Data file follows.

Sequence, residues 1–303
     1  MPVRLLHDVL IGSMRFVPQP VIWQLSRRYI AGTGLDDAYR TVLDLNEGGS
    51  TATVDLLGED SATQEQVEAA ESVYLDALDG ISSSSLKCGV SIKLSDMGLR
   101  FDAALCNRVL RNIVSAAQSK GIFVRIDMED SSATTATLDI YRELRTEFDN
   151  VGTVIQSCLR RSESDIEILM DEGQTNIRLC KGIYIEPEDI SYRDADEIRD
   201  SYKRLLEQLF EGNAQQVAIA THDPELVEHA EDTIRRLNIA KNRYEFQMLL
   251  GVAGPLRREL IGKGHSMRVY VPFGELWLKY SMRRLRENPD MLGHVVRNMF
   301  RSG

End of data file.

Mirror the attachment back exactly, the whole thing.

Sequence, residues 1–303
     1  MPVRLLHDVL IGSMRFVPQP VIWQLSRRYI AGTGLDDAYR TVLDLNEGGS
    51  TATVDLLGED SATQEQVEAA ESVYLDALDG ISSSSLKCGV SIKLSDMGLR
   101  FDAALCNRVL RNIVSAAQSK GIFVRIDMED SSATTATLDI YRELRTEFDN
   151  VGTVIQSCLR RSESDIEILM DEGQTNIRLC KGIYIEPEDI SYRDADEIRD
   201  SYKRLLEQLF EGNAQQVAIA THDPELVEHA EDTIRRLNIA KNRYEFQMLL
   251  GVAGPLRREL IGKGHSMRVY VPFGELWLKY SMRRLRENPD MLGHVVRNMF
   301  RSG